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Opinion

Opinion: Injustice in the Kremlin's name

The sentence imposed on Nadezhda Savchenko will poison Russia's relations with Ukraine. Propaganda needs enemies, which is one reason why the Russian judiciary has Ukrainians in its sights, according to Bernd Johann.

War's Unwomanly Face is the name of a book by the Belarusian winner of the Nobel Prize for Literature, Svetlana Alexievich. Published in 1983, her portraits of women who fought in the Red Army during World War Two were a magnificent testament. These women courageously defended their homeland against the German Nazis. Most of them did not regard themselves as heroines at the time.

The war in eastern Ukraine also has a womanly face. And for Ukrainians, there is a heroine: Nadezhda Savchenko, who defended her homeland against Russian aggression in 2014. The Russian state considers Savchenko, a military pilot, a murderer. As a result, a court in southern Russia has now imposed a draconian 22-year sentence in a trial that has been the focus of massive international criticism.

A shabby show trial

It is an unjust sentence, even though it invokes Russian laws and justice. The guilty verdict was pronounced by a provincial Russian judge, but it bears the political hallmarks of the leadership in Moscow. The proceedings were a shabby show trial.

DW's Bernd Johann

DW's Bernd Johann

The accused was paraded as an enemy of the state. Russian media and politicians ran a smear campaign. Yet there are many unanswered questions, even concerning the unexplained circumstances of her arrest. The defense's arguments against the prosecution's contradictory reasoning were disregarded in court. Savchenko was repeatedly put under pressure, even with her personal closing statement.

Justice in the service of propaganda

This verdict is now intended to demonstrate strength. It is intended to intimidate. But above all, it is subordinated to the logic of propaganda. The Kremlin needed this judgement. After two years, it is intended finally to prove what has been drummed into people since the beginning of the war: Ukrainians represent a danger to Russia.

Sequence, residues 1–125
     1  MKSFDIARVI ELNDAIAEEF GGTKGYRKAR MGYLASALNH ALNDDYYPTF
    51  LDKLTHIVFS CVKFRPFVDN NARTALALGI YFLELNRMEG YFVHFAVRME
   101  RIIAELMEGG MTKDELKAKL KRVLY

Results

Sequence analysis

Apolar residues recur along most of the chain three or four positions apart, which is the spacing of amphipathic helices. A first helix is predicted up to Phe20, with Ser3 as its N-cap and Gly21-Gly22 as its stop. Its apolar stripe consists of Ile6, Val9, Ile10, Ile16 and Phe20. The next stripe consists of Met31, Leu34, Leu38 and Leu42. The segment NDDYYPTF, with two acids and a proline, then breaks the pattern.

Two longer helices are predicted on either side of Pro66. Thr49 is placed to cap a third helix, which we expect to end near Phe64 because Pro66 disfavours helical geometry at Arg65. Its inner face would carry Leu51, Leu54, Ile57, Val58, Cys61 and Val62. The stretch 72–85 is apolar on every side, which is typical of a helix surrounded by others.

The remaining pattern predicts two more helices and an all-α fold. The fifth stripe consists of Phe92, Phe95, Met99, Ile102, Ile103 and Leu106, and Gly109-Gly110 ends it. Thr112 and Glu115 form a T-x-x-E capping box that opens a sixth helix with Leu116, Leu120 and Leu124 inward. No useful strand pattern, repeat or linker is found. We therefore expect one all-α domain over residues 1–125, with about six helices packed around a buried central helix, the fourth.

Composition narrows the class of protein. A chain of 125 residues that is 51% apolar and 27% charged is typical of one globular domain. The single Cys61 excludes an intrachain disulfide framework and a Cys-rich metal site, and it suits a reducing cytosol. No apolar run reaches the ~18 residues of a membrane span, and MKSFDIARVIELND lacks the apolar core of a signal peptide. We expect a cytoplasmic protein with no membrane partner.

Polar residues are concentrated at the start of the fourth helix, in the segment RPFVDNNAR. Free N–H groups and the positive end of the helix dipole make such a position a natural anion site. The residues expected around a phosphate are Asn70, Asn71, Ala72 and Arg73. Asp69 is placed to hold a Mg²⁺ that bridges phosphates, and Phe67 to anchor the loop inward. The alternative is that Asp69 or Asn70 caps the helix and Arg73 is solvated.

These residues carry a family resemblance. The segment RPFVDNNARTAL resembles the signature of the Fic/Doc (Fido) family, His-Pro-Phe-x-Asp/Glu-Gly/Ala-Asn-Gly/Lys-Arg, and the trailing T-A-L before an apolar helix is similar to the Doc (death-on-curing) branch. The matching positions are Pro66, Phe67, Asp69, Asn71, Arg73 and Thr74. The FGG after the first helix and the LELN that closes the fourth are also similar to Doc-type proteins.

Savchenko fits this distorted propaganda profile to a tee. As a member of a unit of Ukrainian volunteer combatants, she is accused of joint responsibility for the deaths of two Russian journalists. Savchenko is said to have been driven by "hatred and hostility" when she passed on the coordinates of the target to the Ukrainian army, which then opened fire. That is the judge's portrayal.

And with this he is staying in line. The Russian propaganda machine, headed by Vladimir Putin, is still behaving as if Ukrainians were the only ones waging war in the Donbass region. Yet the deployment of Russian soldiers and weapons in eastern Ukraine has long been proven. Without this involvement there would never have been a war. According to the UN, 9,000 people have died. The two Russian journalists were, unfortunately, among them.

Russia needs enemies, and it creates heroes as a result

Savchenko is not the only Ukrainian that the Russian state has laid hands on for its purposes. Last year, the Ukrainian film director Oleg Sentsov and a co-defendant were sentenced to 20 years imprisonment. Kyiv reports that similar proceedings are currently ongoing in Russia against some two dozen Ukrainians.

The people are the victims of propaganda. The Kremlin needs scapegoats, so that Russians don't ask why their country is still waging war against Ukraine. The notoriously arbitrary judiciary is a tool in this. It has always had Russian opposition politicians in its sights. Now, Ukrainians are coming to the fore.

By doing this, Russia is not only poisoning its relationship with Ukraine, it is poisoning relationships between people. At the same time, it is creating new heroes. Nadezhda Savchenko is their womanly face.

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